• Use reserved concurrency: Setting the function’s reserved concurrency to a lower limit prevents the function from scaling concurrently beyond that limit. It does not prevent the recursion, but limits the resources consumed as a safety mechanism. This can be useful during the development and test phases.
  • Use Amazon CloudWatch monitoring and alarming: By setting an alarm on a function’s concurrency metric, you can receive alerts if the concurrency suddenly spikes and take appropriate action.

Lambda functions calling Lambda functions

Functions enable encapsulation and code reuse. Most programming languages support the concept of code synchronously calling functions within a code base. In this case, the caller waits until the function returns a response. In many cases, this model does not adapt well to serverless development.

For example, consider a simple ecommerce application consisting of three Lambda functions that process an order:

Ecommerce example with three functions

In this case, the Create order function calls the Process payment function, which in turn calls the Create invoice function. While this synchronous flow may work within a single application on a server, it introduces several avoidable problems in a distributed serverless architecture:

  • Cost: With Lambda, you pay for the duration of an invocation. In this example, while the Create invoice functions runs, two other functions are also running in a wait state, shown in red on the diagram.
  • Error handling: In nested invocations, error handling can become more complex. Either errors are thrown to parent functions to handle at the top-level function, or functions require custom handling. For example, an error in Create invoice might require the Process payment function to reverse the charge, or it may instead retry the Create invoice process.
  • Tight coupling: Processing a payment typically takes longer than creating an invoice. In this model, the availability of the entire workflow is limited by the slowest function.
  • Scaling: The concurrency of all three functions must be equal. In a busy system, this uses more concurrency than would otherwise be needed.

In serverless applications, there are two common approaches to avoid this pattern. First, use an SQS queue between Lambda functions. If a downstream process is slower than an upstream process, the queue durably persists messages and decouples the two functions. In this example, the Create order function publishes a message to an SQS queue, and the Process payment function consumes messages from the queue.

The second approach is to use AWS Step Functions. For complex processes with multiple types of failure and retry logic, Step Functions can help reduce the amount of custom code needed to orchestrate the workflow. As a result, Step Functions orchestrates the work and robustly handles errors and retries, and the Lambda functions contain only business logic.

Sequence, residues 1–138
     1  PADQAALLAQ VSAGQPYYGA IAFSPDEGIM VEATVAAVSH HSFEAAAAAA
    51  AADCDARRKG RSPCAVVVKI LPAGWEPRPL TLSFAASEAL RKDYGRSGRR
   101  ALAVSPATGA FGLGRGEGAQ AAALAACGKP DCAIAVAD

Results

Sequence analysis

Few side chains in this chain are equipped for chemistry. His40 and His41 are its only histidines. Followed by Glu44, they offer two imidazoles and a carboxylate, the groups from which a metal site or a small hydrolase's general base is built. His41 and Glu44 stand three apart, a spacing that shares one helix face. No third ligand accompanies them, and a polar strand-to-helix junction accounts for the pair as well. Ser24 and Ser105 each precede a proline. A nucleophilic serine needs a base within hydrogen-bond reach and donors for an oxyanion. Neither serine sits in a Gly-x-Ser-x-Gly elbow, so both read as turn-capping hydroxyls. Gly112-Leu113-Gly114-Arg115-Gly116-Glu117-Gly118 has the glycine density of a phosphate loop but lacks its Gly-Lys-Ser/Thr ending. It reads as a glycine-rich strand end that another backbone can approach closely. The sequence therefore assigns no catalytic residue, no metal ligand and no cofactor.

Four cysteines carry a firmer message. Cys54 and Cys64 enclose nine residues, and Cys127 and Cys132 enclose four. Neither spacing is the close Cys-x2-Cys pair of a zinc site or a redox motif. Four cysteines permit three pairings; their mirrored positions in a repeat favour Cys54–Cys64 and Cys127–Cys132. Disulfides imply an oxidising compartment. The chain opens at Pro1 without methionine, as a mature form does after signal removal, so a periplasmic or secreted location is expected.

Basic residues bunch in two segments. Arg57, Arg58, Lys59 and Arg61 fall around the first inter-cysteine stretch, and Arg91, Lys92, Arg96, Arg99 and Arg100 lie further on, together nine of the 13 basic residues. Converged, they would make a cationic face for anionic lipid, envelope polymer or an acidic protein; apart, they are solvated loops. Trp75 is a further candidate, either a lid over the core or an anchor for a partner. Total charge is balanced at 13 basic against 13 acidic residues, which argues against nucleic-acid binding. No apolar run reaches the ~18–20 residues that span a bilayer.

Synchronous waiting within a single Lambda function

Within a single Lambda, ensure that any potentially concurrent activities are not scheduled synchronously. For example, a Lambda function might write to an S3 bucket and then write to a DynamoDB table:

The wait states, shown in red in the diagram, are compounded because the activities are sequential. If the tasks are independent, they can be run in parallel, which results in the total wait time being set by the longest-running task.

Parallel tasks in Lambda functions

In cases where the second task depends on the completion of the first task, you may be able to reduce the total waiting time and the cost of execution by splitting the Lambda functions:

Splitting tasks over two functions

In this design, the first Lambda function responds immediately after putting the object to the S3 bucket. The S3 service invokes the second Lambda function, which then writes data to the DynamoDB table. This approach minimizes the total wait time in the Lambda function executions.

To learn more, read the “Serverless Applications Lens” from the AWS Well-Architected Framework.


This post discusses common anti-patterns in event-driven architectures using Lambda. I show some of the issues when using monolithic Lambda functions or custom code to orchestrate workflows. I explain how to avoid recursive architectures that may cause invocation loops and why you should avoid calling functions from functions. I also explain different approaches to handling waiting in functions to minimize cost.

For more serverless learning resources, visit Serverless Land.